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Dorchester County Sheriff's office rolls out new team to cut cri - Live5News.com | Charleston, SC | News, Weather, Sports

Dorchester County Sheriff's office rolls out new team to cut crime

Photo Source: AP Photo Source: AP
DORCHESTER COUNTY, SC (WCSC) -

The Dorchester County Sheriff’s Office is rolling out a new Crime Saturation and Suppression Team (CST), with the goal to combat a recent uptick in violent crime.

"Right now, our officers are busy jumping calls and running back and forth, doing more reactive law enforcement than we
are doing proactive,” Sheriff L.C. Knight said.

The sheriff’s office hopes the new team will aid the department in being more proactive.

Instead of responding to calls, the saturation team will already be out in the neighborhoods, focusing on high-crime areas in Dorchester County.

They will also help collect information from the community, helping to inform the sheriff’s office about whether a 2015 spike in homicides indicates a new trend, or an anomaly.

FBI data shows an overall declining trend in violent crime in Dorchester County since 2009, but according to the sheriff’s office, the county saw an increase in homicides last year. According to coroners’ reports, Dorchester County had 22 murders in 2015, 13 more than last year.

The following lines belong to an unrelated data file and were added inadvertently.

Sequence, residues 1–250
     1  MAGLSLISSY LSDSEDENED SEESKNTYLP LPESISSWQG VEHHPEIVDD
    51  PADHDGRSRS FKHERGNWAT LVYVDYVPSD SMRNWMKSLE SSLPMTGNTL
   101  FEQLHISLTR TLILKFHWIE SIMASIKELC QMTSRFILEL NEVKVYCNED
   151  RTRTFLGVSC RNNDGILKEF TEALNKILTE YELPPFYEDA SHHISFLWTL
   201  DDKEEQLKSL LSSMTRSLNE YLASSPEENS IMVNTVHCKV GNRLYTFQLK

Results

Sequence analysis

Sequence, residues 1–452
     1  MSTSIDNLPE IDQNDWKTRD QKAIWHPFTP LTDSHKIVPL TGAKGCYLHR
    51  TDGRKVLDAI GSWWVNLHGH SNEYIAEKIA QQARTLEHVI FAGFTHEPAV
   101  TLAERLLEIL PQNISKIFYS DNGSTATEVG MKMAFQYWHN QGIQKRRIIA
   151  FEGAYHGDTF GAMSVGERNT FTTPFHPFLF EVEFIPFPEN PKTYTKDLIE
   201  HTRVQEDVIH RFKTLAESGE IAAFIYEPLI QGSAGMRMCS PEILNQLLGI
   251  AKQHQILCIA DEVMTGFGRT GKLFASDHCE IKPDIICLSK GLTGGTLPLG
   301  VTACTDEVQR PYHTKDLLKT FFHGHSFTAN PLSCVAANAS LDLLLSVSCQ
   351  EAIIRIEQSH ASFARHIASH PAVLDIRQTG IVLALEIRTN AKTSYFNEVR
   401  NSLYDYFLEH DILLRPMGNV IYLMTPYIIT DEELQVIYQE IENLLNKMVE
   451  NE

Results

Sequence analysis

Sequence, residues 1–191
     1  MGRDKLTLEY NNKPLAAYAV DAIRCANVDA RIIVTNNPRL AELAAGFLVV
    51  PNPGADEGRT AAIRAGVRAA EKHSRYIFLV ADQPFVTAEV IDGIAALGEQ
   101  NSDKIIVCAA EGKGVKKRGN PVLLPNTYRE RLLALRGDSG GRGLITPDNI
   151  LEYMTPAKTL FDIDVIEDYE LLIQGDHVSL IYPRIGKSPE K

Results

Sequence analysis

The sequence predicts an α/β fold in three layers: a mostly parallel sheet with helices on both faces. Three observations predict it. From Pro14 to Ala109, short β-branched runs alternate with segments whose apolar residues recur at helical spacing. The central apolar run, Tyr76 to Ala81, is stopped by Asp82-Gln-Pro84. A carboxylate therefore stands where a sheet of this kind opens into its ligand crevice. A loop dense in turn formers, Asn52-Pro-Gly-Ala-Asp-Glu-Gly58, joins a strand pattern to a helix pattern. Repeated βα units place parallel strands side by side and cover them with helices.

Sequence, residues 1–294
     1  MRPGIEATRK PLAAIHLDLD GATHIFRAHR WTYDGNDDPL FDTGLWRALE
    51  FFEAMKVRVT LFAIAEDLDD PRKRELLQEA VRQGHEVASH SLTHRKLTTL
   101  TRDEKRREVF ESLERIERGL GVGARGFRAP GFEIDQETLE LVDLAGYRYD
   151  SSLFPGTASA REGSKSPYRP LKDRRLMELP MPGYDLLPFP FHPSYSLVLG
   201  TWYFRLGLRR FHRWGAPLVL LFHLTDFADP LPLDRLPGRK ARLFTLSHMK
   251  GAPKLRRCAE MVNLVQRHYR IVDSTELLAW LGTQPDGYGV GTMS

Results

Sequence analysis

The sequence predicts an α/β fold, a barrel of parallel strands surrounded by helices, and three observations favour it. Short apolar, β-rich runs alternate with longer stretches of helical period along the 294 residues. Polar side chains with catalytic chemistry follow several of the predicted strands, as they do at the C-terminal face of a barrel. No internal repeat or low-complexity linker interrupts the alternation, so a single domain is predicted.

Sheriff Knight said the team is a way to offer better service to the community and will be comprised of existing deputies from units, ranging from patrol shift and narcotics, to investigations and the K-9 teams.

Officials say five to twelve deputies will make up the core of the team. They couldn't share where the teams would be working, but they say department statistics will help identify places to watch.

"We look at our reports and try to get an idea of what we call hot spots are,” the sheriff said. “Where maybe a lot of cars are broken into, some of the recent spike we've had in our killings, our murders.”  

Once the saturation team is working in the area, officials hope they will get a better relationship with the community, get more intelligence out of it, and try to stop the crimes.

Authorities also hope familiar faces in neighborhoods will build community trust between residents and the department. They also believe increased patrols will discourage the criminals.

"Our guys have been instructed, stop. Talk with the community. Get a feel for the community,” Sheriff Knight said. “By getting this relationship and some information fed back from the community, I hope this helps us stop some of these things before they occur."
 
The saturation team is expected to be active starting in late January.

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